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Hybrid Arrangements Face Tougher Scrutiny

Hybrid Arrangements Face Tougher Scrutiny

The Australian Government has issued guidance on the application of its tough new measures designed to prevent exploitation of so-called ‘hybrid mismatches’. 

Multinational groups operating in Australia face greater scrutiny for so-called ‘hybrid mismatch’ arrangements, following the introduction of tough new measures designed to prevent the exploitation of differences in tax treatment under the laws of two or more countries. 

The Federal Government introduced the measures in May 2018 that will apply from 1 January 2019 to the tax benefits which can be utilised by with Australian branches or Australian-based companies to reduce corporate tax. 

The new rules are based on the Organisation for Economic Cooperation and Development (OECD) rules designed to neutralise the effects of hybrid mismatches so that unfair tax advantages do not accrue for multinational groups compared to domestic groups.  

What is a hybrid arrangement?

Hybrid arrangements include financial instruments or entities that may not be treated equally in different tax jurisdictions. So for example the financial instrument may be treated as equity in one jurisdiction but as debt in another or an entity that is treated as taxable in one jurisdiction is considered ‘flow through’ in another. 

Hybrid arrangements provide multinationals with tax benefits because it may allow deductions to occur in one jurisdiction, but not be assessable or assessable at a lower tax rate in another jurisdiction. In some cases, payments may be deductible in both.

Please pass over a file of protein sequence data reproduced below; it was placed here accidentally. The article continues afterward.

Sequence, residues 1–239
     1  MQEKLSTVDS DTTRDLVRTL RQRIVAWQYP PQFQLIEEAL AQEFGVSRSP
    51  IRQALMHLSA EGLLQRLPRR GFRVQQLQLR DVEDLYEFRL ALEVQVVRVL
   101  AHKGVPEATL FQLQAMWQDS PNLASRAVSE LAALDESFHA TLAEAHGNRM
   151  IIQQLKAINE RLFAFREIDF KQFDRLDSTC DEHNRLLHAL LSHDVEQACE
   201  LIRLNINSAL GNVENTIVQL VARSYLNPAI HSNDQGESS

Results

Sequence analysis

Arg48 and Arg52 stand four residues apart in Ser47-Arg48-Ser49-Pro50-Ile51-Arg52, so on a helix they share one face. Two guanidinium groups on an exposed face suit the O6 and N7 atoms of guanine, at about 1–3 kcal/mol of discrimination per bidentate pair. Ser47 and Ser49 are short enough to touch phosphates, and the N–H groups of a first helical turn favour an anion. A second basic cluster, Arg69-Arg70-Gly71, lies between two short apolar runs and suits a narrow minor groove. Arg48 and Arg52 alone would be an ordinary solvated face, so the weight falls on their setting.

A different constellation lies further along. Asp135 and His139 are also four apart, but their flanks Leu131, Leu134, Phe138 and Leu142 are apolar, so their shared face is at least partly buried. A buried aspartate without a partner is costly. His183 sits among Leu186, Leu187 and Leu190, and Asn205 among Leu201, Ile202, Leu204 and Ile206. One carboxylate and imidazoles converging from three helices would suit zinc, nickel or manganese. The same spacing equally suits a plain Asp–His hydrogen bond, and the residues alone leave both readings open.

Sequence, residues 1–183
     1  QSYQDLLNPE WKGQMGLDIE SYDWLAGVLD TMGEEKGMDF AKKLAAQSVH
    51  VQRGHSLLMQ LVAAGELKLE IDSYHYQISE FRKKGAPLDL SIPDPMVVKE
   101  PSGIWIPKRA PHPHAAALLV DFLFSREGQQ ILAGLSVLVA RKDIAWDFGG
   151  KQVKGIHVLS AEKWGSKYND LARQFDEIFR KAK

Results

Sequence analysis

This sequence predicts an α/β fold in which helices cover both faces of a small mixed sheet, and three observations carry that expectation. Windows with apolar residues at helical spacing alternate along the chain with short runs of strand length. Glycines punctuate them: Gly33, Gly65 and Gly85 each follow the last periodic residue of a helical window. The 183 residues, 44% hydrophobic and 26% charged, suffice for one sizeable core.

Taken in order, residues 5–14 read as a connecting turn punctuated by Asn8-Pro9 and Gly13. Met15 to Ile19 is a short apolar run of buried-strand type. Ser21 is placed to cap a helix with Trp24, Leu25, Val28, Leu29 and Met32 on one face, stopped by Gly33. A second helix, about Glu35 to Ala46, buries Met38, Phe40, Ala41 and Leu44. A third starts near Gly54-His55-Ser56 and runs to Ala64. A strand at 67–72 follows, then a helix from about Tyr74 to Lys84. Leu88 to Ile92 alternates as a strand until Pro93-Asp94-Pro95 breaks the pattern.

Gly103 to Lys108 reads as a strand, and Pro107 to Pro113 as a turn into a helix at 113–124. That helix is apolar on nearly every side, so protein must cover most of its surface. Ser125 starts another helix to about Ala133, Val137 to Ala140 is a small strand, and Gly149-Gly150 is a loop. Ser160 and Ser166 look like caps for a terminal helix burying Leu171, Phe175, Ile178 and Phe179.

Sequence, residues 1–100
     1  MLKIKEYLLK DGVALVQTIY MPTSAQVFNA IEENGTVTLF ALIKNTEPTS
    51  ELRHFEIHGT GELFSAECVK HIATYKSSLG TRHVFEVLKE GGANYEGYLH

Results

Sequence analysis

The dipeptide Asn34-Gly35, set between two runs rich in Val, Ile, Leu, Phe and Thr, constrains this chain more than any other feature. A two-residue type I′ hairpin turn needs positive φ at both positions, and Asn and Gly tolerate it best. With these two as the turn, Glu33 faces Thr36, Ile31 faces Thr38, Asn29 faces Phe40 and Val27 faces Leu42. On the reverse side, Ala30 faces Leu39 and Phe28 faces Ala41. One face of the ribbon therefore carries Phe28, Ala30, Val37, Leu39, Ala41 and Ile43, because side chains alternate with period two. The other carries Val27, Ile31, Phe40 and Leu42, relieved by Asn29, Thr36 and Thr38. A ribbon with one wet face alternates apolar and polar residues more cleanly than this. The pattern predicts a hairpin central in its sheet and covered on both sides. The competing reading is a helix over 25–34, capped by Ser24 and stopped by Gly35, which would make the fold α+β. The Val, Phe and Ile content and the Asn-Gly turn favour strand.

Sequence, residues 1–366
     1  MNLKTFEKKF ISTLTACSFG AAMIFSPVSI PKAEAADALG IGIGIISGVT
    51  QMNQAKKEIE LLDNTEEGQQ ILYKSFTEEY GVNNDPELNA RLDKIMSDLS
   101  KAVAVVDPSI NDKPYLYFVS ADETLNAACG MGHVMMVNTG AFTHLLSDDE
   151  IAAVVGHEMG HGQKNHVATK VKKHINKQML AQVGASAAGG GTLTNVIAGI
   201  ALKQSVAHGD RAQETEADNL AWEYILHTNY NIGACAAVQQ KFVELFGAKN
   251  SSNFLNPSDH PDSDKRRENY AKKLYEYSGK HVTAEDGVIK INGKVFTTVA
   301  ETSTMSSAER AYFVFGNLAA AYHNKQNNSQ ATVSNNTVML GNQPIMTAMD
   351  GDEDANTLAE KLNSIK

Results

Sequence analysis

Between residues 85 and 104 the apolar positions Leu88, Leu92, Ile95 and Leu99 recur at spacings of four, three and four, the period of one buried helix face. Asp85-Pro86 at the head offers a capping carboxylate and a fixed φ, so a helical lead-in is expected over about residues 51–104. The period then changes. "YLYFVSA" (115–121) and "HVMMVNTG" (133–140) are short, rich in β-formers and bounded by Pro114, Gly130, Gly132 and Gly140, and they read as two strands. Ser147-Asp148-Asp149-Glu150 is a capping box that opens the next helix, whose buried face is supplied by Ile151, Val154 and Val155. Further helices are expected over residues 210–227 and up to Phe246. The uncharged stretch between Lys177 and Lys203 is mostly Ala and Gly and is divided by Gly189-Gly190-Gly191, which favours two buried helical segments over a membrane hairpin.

When can a ‘hybrid mismatch’ occur?

A “hybrid mismatch” arises if tax benefits result from the exploitation of differences in the tax treatment of an entity or a financial instrument under the laws of two or more countries.

What do the new rules mean for Australian entities or branches? 

The Australian Government is seeking to neutralise the tax benefits to either remove the tax deductions for Australian entities or include an additional amount in their assessable income. 

The new rules may also remove the ability to apply non-assessable, non-tax exempt treatment to the recipients of income from a hybrid branch, dividend income, and the ability to frank or receive franking benefits from hybrid payments. There will also be no grandfathering of the existing rules for hybrid arrangements. 

When are the new rules due to apply? 

The new rules were due to be applicable from 1 January 2019. 

What should Australian entities with hybrid arrangements do? 

The Australian Tax Office has issued its draft compliance guide that sets out the ATO’s views on the steps that Australian taxpayers take are likely to be seen as low or high risk. 

For example, simply removing the hybrid arrangements is likely to be seen as low risk, whilst replacing them with new arrangements that comply with the new laws yet preserve the tax benefit are likely to be seen as high risk. 

From our point of view, it’s important for Australian entities and branches to fully understand the new rules and the risks within their current structures and to review any such arrangements with a cross-border specialist to ensure they don’t fall foul of the ATO. 

Talk to our International Tax Team

Contact us on 02 9957 4033 or email our International tax specialists for further guidance on how this may impact your organisation.

Last updated January 2019. This factsheet is provided for information purposes only and is correct at the time of publishing. It should not be used in place of advice from your accountant. Please contact us on 02 9957 4033 to discuss your specific circumstances.